It’s unlikely Ryan would embrace a deal to avert the fiscal cliff that would include a rate increase because it could cast a pall over any future national campaign for him.
With possible plans to run for president in 2016, Rep. Paul D. Ryan, R-Wis., has to carefully assess his approach to budget talks designed to avert abrupt, end-of-year tax hikes and automatic spending reductions set to begin next year.
Ryan — who chairs the House Budget Committee and was GOP presidential nominee Mitt Romney’s running mate — was tapped by Speaker John A. Boehner, R-Ohio, a few weeks ago to participate in leadership discussions on the fiscal cliff, along with House Majority Leader Eric Cantor, R-Va., and House Ways and Means Chairman Dave Camp, R-Mich.
But the Wisconsin Republican, who has not made a decision about running in 2016, must be on guard in case any deal becomes an albatross that opens him up to criticism from potential presidential primary rivals or allows him to be cast as obstructionist in a general election.
“He must walk a fine line of being supportive of leadership while keeping a careful distance if the deal looks worse for Republicans,” said Ron Bonjean, a GOP strategist who served as a top aide to former Speaker J. Dennis Hastert, R-Ill., and former Senate Majority Leader Trent Lott, R-Miss.
“It is a delicate balancing act,” Bonjean, now at Singer Bonjean Strategies, said. “If the deal looks unfavorable to Republicans, he would need to distance himself from it in a responsible and appropriate way.”
Ryan declined to comment on his role or his political prospects.
But Bonjean said there could also be an upside if the deal includes any ideas from the Republican budget resolution he authored, which was passed by the House the past two years.
“If a deal includes solutions in the Ryan budget, he could claim some credit,” Bonjean said.
However, it’s not clear what, if any, those ideas would be. Democrats hammered Ryan and Republicans during the campaign over that budget blueprint, which included a proposal that opponents said could ultimately charge Medicare recipients more for benefits. The plan would turn Medicare into a voucher for future senior citizens.
Those budget plans helped launch Ryan as a conservative firebrand, eager to defend his ideas and happy to run on them. He became a tea party darling and was chosen by Romney, in part, because of his conservative bona fides.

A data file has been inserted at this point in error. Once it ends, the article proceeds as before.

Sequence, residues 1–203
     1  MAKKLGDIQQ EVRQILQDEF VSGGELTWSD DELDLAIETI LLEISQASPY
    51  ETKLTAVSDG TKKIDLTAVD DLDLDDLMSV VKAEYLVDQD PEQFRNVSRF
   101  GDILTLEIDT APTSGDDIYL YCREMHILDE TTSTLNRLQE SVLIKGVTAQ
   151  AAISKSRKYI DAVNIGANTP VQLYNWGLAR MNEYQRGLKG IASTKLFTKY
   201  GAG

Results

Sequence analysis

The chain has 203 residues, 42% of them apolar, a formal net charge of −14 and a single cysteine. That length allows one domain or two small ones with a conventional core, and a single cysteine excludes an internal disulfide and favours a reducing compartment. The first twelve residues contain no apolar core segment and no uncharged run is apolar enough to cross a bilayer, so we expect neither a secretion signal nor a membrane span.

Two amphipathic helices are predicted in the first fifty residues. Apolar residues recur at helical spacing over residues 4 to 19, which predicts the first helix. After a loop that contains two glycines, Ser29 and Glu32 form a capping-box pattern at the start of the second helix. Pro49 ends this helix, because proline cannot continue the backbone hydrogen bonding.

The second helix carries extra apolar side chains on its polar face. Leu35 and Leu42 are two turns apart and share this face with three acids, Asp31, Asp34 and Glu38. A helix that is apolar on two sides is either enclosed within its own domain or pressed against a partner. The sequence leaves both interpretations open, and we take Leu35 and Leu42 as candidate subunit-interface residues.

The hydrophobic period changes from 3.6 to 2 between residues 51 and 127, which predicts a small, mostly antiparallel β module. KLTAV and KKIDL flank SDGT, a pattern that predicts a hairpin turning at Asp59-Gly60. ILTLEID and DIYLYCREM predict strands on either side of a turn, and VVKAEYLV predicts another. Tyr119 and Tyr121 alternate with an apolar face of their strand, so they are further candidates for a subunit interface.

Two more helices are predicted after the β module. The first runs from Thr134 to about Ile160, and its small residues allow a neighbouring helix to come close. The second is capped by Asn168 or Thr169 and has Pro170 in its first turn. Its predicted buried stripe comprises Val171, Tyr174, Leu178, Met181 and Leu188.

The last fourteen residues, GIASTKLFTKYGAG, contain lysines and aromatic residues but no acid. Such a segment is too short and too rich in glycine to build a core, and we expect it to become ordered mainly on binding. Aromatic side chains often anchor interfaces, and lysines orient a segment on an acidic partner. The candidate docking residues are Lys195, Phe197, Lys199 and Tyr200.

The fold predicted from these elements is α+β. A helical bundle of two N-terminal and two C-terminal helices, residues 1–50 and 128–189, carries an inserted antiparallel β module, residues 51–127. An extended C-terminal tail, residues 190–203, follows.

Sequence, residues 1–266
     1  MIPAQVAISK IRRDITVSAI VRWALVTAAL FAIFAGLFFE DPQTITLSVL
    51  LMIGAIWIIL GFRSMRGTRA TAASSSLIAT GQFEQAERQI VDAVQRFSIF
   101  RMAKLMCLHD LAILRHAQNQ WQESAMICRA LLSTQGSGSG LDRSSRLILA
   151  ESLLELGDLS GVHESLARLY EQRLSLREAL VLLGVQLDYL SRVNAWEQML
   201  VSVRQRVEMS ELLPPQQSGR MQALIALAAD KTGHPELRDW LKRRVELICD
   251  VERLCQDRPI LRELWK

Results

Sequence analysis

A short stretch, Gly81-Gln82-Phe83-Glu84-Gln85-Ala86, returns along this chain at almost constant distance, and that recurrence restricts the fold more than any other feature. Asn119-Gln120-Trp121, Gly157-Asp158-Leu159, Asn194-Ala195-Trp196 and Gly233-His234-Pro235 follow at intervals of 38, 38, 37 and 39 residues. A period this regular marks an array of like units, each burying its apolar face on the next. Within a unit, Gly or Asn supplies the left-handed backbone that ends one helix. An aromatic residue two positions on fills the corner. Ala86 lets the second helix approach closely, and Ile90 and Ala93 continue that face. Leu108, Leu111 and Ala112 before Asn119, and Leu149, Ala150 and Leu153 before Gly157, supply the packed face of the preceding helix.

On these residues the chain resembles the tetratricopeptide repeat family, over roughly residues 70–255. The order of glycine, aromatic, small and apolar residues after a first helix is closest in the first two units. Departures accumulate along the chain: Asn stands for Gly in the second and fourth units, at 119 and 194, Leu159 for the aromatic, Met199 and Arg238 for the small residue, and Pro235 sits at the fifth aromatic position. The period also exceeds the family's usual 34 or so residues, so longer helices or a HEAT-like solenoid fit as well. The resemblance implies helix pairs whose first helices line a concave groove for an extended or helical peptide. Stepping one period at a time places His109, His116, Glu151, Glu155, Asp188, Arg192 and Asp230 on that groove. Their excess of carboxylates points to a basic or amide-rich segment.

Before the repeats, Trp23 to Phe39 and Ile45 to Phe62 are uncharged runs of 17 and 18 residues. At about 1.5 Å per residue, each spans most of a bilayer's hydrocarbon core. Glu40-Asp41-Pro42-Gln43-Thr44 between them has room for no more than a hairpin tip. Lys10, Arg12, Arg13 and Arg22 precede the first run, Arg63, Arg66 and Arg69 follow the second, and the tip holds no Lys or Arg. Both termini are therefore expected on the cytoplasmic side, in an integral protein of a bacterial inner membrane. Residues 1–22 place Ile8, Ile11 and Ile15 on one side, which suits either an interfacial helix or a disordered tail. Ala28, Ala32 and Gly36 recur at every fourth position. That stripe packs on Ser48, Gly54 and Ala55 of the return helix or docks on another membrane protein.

“Participating in the talks is a plus because he is delivering the leadership that he campaigned on,” Bonjean noted.
Others agreed that the fiscal talks could be a good platform for Ryan in 2016.
“I don’t think Paul is going to have any problems, no matter what happens here, because he has put forward serious proposals. They are proposals that would work, they would heal our economy,” said Sen. Ron Johnson, R-Wis., who is also a tea party favorite.
“I think he has done well for himself and he should be a front-runner for 2016,” Johnson added.
Sen. John Thune, R-S.D., suggested that Ryan needs to be seen as having accomplished something in the budget talks in order to derive some political benefit.
“My guess is that if he is viewed as someone who is successful in helping achieve an outcome, whatever he decides to do next, that would be good for him,” Thune continued. Thune has also been mentioned as a potential presidential candidate.
“I am sure they are going to look to him for leadership on this issue,” Thune said. “I suspect that Speaker Boehner will want to have him involved and hopefully have him onboard with whatever they end up with.”
Boehner has surrounded himself with Ryan, Camp and Cantor, in part, to make sure he has conservative buy-in on any deal from the get-go. Being more inclusive also insulates him from charges that he is brokering an agreement with the White House on his own, only to force-feed it to conservatives on the House floor.
One concern for Ryan is the issue of tax rates, which Democrats and Obama want to raise on households making $250,000 and above. Democrats argue that move would continue the tax breaks for 98 percent of Americans.
While Republican leaders have said they intend to hold the line on the raising of any tax rates, Obama continues to insist on rate hikes, and the GOP conference has shown some cracks in its unified opposition.
Rep. Tom Cole, R-Okla., said he thinks the party should consider extending the tax breaks for the 98 percent because it represents an area of agreement with Democrats.
“I actually do believe that we should take things where we agree with the president, and we do agree on this, and take them off the table one at a time,” Cole said Sunday on ABC’s “This Week With George Stephanopoulos.” “And this would actually, I think, strengthen our position in the course of negotiations.”
It’s unlikely Ryan would embrace a deal that includes a rate increase because it could instantly cast a pall over any future national campaign for him.
At the same time, if he is seen as torpedoing a deal, he could be held up as the poster boy for gridlock in Congress.
In a CNN/ORC International Survey poll released last week, 45 percent of respondents said they would blame the Republicans if talks fail, while 34 percent said they would blame Obama.
The showdown from last year over the debt ceiling also looms large — Republicans seemed to get a larger share of the blame then after the nation’s credit rating was lowered as a result of Congress’ failure to quickly reach a deal to raise the debt ceiling.
Rep. Elijah Cummings, D-Md., right, hugs Harold Schaitberger, General President of the International Association of Fire Fighters, after the Congressman spoke at the IAFF's Legislative Conference General Session at the Hyatt Regency on Capitol Hill, March 9, 2015. The day featured addresses by members of Congress and Vice President Joe Biden.